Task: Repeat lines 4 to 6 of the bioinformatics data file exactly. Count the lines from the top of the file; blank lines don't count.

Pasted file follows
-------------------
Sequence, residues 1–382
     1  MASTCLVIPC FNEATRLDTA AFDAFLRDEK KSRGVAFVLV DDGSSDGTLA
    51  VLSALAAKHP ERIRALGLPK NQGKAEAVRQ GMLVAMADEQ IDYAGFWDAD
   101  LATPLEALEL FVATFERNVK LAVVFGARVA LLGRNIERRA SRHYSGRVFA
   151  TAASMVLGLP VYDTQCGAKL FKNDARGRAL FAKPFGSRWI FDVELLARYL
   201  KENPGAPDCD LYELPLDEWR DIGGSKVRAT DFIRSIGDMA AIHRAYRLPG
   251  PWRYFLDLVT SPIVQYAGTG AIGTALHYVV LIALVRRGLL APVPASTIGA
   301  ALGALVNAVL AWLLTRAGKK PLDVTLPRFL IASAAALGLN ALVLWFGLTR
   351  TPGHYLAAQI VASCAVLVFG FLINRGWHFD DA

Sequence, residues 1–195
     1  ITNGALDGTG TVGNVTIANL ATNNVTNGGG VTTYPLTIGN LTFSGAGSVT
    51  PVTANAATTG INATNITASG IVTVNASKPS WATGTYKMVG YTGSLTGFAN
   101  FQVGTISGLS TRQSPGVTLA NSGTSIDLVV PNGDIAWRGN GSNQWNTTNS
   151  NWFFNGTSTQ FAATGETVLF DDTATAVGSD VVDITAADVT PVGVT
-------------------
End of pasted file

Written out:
   101  LATPLEALEL FVATFERNVK LAVVFGARVA LLGRNIERRA SRHYSGRVFA
   151  TAASMVLGLP VYDTQCGAKL FKNDARGRAL FAKPFGSRWI FDVELLARYL
   201  KENPGAPDCD LYELPLDEWR DIGGSKVRAT DFIRSIGDMA AIHRAYRLPG